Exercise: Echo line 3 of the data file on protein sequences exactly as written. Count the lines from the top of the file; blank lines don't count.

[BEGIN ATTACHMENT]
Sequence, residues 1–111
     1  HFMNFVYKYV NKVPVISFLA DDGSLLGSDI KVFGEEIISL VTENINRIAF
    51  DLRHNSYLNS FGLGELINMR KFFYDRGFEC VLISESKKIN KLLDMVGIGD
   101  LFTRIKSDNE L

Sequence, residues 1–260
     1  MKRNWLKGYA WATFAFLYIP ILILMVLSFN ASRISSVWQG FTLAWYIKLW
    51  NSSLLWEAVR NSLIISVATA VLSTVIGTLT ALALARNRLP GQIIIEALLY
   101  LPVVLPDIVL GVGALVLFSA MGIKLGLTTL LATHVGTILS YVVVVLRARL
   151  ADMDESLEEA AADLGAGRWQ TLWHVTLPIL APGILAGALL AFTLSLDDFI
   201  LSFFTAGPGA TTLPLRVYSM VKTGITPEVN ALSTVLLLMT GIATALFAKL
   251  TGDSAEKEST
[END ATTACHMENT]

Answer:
    51  DLRHNSYLNS FGLGELINMR KFFYDRGFEC VLISESKKIN KLLDMVGIGD